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Wales: Fighting for convenience

Public toilet in Prestatyn, Denbighshire. Photo Gary Rogers/geograph.org.uk
(CC BY-SA 2.0).

Local councils are cutting services and closing facilities across the country. One small town in Wales is making a stand.

Denbighshire in North East Wales has a proud industrial history with mining and steel production. But since the 1970s, like many areas of Britain, the main source of employment and income for the area has come from tourism.

On paper the county council says it supports the local community and businesses, so its recent decision to save money by closing all its public toilets has sparked a fierce debate.

Some people thought there was a legal obligation for councils to provide toilets. Under the 1976 Local Government Act, councils in England and Wales have the power to install them in “relevant places” but no legal obligation to do so.

The small Denbighshire tourist town of Llangollen on the River Dee receives thousands of visitors a year: a whole section of the town car park is set aside for coaches. Its inhabitants are leading a campaign to oppose the county council decision. If the public toilets next to the car park close, coach companies say that stopping in the town will not be feasible.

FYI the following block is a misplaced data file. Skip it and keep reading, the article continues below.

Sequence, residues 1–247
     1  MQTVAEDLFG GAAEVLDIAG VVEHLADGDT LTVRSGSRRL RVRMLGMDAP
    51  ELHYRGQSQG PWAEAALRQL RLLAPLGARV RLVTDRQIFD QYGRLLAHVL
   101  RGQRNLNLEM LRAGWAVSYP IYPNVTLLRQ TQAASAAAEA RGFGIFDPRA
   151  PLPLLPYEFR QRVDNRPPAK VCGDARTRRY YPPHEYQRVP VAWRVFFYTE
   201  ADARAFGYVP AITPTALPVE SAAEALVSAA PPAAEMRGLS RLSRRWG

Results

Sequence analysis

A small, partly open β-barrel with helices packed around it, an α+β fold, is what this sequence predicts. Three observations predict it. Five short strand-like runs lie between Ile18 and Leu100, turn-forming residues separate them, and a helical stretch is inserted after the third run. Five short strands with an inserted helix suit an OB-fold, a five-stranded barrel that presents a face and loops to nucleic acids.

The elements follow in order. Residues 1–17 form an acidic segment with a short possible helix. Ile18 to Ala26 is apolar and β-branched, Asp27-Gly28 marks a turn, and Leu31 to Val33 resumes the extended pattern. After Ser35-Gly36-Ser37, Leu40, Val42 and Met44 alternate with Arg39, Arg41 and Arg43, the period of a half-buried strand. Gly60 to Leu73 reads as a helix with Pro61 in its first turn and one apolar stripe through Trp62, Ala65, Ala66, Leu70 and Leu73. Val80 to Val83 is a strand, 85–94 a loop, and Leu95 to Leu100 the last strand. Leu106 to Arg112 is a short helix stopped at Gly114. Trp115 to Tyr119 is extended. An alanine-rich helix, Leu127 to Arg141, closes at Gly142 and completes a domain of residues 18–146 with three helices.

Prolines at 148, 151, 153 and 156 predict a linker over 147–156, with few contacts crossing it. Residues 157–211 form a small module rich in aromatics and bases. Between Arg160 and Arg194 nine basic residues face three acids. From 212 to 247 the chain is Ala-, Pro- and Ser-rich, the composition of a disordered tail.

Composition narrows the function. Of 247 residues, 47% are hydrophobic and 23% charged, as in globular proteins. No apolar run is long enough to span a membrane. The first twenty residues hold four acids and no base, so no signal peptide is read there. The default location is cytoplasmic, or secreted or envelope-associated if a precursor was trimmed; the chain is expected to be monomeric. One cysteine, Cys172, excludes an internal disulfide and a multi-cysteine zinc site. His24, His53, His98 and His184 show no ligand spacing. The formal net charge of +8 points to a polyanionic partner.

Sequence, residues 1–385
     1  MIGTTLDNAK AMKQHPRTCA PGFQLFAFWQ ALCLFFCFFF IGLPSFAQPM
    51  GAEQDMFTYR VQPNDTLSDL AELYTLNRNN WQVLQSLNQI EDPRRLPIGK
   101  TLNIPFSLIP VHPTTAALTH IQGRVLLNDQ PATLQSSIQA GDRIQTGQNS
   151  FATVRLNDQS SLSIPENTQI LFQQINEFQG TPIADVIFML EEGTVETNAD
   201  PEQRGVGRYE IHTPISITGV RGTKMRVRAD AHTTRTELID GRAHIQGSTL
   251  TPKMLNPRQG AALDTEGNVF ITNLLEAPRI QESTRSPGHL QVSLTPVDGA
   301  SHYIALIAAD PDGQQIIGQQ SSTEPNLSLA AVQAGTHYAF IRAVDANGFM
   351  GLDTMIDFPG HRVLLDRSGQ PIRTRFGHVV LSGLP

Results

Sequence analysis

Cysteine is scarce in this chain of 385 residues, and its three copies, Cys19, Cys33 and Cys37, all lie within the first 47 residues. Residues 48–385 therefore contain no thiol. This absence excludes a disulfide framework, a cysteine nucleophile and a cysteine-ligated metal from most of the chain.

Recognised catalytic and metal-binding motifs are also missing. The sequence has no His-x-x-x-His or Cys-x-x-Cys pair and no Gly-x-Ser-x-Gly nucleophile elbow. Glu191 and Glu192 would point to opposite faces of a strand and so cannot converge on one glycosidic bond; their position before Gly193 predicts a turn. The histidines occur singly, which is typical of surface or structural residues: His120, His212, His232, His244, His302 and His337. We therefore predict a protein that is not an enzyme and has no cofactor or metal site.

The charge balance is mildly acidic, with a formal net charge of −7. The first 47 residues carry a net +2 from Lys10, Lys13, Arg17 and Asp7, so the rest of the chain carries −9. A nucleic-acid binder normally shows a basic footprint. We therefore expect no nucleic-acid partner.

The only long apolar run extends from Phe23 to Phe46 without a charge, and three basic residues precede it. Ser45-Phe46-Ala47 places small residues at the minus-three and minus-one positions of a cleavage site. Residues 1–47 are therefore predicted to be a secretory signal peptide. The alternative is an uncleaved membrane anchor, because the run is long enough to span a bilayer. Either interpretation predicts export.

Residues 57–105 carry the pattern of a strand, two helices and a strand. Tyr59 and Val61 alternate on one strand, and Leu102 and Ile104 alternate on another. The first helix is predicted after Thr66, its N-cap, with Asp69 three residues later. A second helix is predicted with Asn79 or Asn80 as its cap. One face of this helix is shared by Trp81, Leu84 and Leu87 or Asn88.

In 2016 the Welsh parliament discussed moves to compel councils to create a strategy ensuring public toilet provision across Wales. At the time Raymond Martin of the British Toilet Association said, “It’s something that we could do with across the UK. Having decent public toilets is good for public health, business and the prevention of disease. It’s civilised.”

Now, across Wales and Britain, some say the priority to “rebuild Ukraine” not to provide the simplest infrastructure to keep a local economy functioning here.